JAKARTA-- South Korea arrived in Indonesia with a goal of winning at least 65 gold medals at the 18th Asian Games. But when the quadrennial competition, co-hosted by Jakarta and Palembang, wraps up Sunday, Team Korea will leave having bagged 49 gold medals.
South Korea didn't just fall short of its gold medal target.
The country was hoping to fend off Japan for second place in the medal table for the sixth consecutive event -- with China once again far ahead of everyone else -- and South Korea ended up in third place behind its rival.
South Korea won 76 and then 79 gold medals at the past two Asian Games. This year's total is the lowest since 54 at Beijing 1990.
The last time South Korea ranked behind Japan was Hiroshima 1994, when Japan nipped South Korea by one gold medal, 64 to 63.
South Korea was closer to fourth place Indonesia than it was to Japan. The host country collected 31 gold medals to set its all-time record.
South Korea continued to struggle in athletics and swimming, the two sports that offered the most gold medals. China scooped up 19 gold medals in swimming and 12 in athletics, while Japan equaled China's gold medal tally in swimming and added six from track and field.
South Korea won a meager one gold each from athletics and swimming.
That's a difference of 23 gold medals between South Korea and Japan. And that doesn't even tell the whole story.
Japan was able to surpass South Korea while ushering in a new generation of elite athletes. There was no better symbol for that success than the 18-year-old swimming sensation Rikako Ikee, who won a competition-best six gold medals, along with two silver medals.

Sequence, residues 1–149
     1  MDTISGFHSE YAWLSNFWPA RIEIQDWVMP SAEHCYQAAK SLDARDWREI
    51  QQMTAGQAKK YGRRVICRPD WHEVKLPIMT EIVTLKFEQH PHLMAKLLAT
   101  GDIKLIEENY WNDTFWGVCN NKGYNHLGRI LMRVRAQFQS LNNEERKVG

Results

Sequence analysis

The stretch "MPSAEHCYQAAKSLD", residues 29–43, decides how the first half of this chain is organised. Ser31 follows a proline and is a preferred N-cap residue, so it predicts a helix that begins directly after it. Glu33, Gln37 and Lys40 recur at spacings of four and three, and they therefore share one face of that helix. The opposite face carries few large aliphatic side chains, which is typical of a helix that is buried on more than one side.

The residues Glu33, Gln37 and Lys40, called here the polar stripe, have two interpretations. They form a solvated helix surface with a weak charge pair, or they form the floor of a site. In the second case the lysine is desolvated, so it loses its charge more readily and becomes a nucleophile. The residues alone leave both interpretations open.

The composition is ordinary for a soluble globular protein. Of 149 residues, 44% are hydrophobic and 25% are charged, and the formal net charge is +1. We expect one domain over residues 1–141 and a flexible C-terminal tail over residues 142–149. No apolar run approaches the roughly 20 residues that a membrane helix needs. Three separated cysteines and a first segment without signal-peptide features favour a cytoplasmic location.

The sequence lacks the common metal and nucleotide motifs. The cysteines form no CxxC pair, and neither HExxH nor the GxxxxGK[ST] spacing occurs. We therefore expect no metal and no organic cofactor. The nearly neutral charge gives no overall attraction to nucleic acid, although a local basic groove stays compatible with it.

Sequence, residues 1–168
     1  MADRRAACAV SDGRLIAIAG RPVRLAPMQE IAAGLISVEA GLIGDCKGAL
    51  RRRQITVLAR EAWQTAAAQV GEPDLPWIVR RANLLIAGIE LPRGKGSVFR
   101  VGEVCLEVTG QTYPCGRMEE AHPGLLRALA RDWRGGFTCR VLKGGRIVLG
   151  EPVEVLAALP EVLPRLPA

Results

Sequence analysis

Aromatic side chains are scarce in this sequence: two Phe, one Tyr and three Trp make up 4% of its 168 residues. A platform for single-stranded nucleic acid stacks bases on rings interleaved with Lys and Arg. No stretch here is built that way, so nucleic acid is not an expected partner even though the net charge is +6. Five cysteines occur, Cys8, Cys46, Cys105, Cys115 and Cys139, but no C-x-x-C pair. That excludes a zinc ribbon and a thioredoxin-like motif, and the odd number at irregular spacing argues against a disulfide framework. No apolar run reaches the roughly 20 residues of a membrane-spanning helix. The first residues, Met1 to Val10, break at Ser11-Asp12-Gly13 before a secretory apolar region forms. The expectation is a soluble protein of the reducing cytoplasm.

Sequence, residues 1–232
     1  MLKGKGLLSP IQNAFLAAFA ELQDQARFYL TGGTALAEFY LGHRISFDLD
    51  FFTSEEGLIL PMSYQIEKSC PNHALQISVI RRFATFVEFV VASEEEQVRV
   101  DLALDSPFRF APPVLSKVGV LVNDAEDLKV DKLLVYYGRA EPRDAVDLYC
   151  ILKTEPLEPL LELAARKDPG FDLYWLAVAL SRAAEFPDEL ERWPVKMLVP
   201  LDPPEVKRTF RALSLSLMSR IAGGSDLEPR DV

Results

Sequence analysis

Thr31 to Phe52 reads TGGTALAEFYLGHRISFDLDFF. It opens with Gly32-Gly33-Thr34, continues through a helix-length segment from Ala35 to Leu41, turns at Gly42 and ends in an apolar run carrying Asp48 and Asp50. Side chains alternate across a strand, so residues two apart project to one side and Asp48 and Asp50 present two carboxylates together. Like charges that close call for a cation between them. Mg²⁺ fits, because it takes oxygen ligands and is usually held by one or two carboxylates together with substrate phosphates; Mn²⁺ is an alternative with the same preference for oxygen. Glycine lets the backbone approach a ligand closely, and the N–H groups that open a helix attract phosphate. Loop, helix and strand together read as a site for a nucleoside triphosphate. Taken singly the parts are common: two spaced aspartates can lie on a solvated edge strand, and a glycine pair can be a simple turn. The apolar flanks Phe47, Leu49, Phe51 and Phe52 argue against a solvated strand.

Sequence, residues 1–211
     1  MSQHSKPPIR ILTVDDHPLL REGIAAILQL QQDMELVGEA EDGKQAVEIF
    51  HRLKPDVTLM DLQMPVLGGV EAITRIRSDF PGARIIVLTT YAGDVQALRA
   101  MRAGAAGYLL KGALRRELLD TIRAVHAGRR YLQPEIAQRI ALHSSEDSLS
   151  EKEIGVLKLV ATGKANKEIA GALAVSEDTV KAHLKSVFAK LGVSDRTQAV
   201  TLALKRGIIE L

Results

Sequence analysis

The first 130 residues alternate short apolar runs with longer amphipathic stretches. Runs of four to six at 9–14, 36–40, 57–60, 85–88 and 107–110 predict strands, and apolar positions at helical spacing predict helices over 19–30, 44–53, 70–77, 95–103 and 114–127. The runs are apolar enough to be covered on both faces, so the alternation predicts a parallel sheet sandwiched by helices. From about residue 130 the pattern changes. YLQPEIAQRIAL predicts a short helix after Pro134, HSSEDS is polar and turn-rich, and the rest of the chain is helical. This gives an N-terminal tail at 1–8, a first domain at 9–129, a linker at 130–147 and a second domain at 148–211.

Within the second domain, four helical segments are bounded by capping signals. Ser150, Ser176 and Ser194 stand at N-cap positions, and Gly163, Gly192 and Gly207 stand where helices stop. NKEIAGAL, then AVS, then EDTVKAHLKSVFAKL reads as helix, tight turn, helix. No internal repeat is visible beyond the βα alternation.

Japan has left some of its top athletes at home for recent Asian Games, so they could focus on world championships or other international events in their respective sports. But with the Tokyo Olympics about two years away, Japan sent some of its best to Indonesia to see how they would stack up against the regional competition.
The Korean Sports and Olympic Committee believes Japan has set an example for South Korea to follow, in terms of how it has capitalized on the strong foundation of sport for all, or mass participation sports, to produce elite sport athletes.
For years, South Korea has been grappling with a lack of talent in athletics and swimming and the need to win medals from a wider range of sports. While the struggles continued in track and field and in the swimming pool here, South Korea also didn't help itself in some of its usual gold mines.
In taekwondo, South Korea managed only three out of 10 gold medals in sparring, and two out of four in poomsae. In archery, South Korea was looking for a sweep of eight gold medals but ended up getting half of that.
"We'll have to undergo a paradigm shift," said KSOC President Lee Kee-heung. "We'll have to promote school sports and sports clubs, and we'll have to change our system so that our elite athletes will come from that foundation." (Yonhap)